Irritations Over Holocaust Records

By Craig Whitlock, of the Washington Post

Boxed away in a former Nazi SS barracks in this central German town is the core of one of the largest collections of historical documents from World War II. All told, the archive contains 50 million records that list the names of 17.5 million people, including concentration camp prisoners, forced laborers and other victims of the Third Reich.

For 60 years, the International Committee of the Red Cross has used the documents to trace the missing and the dead, especially those of the Holocaust. But the archive has remained off-limits to historians and the public, fueling an increasingly bitter dispute among Holocaust researchers, Jewish groups and the 11 nations that oversee the collection.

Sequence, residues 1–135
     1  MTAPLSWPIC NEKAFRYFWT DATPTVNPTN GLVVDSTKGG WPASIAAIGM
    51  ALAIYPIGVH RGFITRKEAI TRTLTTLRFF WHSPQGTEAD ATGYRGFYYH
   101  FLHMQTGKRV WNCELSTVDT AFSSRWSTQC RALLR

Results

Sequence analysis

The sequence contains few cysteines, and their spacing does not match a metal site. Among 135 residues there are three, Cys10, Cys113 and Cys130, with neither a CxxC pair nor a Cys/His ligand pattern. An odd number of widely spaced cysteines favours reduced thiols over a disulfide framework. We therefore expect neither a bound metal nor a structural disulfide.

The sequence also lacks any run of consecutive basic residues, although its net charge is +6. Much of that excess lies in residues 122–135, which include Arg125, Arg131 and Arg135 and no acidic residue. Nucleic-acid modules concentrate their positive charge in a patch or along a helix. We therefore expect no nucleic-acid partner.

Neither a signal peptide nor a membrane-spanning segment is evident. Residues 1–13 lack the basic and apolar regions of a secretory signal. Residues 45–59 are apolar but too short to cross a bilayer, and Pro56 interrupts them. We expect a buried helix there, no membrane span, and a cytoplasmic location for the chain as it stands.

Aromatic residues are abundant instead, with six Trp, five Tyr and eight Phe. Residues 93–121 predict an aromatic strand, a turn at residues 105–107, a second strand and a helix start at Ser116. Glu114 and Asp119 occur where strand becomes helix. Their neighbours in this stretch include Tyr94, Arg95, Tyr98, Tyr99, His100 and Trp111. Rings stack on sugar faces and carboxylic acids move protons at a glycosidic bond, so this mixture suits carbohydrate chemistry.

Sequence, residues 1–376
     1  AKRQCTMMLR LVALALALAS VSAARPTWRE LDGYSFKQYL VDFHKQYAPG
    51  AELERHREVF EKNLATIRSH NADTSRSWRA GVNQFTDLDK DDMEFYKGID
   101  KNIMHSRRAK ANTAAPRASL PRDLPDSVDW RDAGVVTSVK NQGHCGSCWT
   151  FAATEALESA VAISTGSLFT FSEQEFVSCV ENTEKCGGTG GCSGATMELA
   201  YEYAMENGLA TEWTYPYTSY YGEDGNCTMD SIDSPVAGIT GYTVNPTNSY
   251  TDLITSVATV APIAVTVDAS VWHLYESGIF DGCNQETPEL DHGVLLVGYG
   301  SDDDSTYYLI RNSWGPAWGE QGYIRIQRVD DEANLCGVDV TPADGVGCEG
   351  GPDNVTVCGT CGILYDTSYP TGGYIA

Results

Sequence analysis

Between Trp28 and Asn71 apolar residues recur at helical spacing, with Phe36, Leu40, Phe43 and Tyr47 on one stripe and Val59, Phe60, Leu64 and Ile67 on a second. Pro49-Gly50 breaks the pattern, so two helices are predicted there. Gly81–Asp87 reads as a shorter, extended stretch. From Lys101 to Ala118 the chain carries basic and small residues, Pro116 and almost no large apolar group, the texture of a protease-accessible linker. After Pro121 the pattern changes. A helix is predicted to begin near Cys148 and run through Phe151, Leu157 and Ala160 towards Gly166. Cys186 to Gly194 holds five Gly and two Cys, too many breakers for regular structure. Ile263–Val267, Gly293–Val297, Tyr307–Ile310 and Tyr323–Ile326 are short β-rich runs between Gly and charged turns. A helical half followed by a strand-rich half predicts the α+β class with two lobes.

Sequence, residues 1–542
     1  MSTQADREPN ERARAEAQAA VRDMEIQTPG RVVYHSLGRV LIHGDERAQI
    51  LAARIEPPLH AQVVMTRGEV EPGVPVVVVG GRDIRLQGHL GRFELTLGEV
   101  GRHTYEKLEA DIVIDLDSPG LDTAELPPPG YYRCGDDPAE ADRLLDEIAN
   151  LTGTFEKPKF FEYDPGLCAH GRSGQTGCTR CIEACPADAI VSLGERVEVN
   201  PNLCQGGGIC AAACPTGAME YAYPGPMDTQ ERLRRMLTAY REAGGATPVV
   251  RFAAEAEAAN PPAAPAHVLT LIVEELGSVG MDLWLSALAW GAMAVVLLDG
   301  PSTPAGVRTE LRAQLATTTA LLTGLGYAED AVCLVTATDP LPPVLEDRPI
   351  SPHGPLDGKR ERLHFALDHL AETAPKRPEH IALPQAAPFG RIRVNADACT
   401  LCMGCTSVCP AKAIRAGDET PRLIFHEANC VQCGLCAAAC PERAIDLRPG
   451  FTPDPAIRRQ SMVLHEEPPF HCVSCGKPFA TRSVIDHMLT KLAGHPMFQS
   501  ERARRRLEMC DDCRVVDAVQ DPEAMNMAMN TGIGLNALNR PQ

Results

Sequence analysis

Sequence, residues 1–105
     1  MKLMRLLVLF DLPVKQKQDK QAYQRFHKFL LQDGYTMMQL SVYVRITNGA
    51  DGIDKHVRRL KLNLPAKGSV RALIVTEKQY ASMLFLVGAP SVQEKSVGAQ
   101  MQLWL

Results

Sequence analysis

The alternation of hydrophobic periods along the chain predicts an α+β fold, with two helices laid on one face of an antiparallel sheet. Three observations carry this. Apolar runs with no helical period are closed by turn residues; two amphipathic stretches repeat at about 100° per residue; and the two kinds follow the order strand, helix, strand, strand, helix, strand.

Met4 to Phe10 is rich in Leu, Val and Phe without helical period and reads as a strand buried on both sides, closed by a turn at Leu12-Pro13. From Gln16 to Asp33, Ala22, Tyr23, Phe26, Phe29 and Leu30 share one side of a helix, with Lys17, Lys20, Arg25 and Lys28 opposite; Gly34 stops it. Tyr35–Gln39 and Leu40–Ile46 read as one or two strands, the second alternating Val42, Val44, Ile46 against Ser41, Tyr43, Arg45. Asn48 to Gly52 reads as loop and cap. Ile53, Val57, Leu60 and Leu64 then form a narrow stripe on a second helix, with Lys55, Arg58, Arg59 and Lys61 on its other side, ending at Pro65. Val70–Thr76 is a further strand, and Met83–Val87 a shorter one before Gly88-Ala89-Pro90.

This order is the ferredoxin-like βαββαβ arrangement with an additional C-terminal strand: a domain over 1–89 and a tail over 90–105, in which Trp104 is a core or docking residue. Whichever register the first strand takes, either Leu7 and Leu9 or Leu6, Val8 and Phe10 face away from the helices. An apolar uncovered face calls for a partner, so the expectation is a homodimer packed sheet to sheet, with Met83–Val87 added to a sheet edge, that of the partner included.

One thought on “Irritations Over Holocaust Records

  1. It is said that the Red Cross processes around 150.000 applications for information from that archive each year, which suggests very extensive research, despite the slant of WP’s column.

    While sympathising with those seeking free access, I fear they will have to be patient. Every country classifies its archives to some extent.

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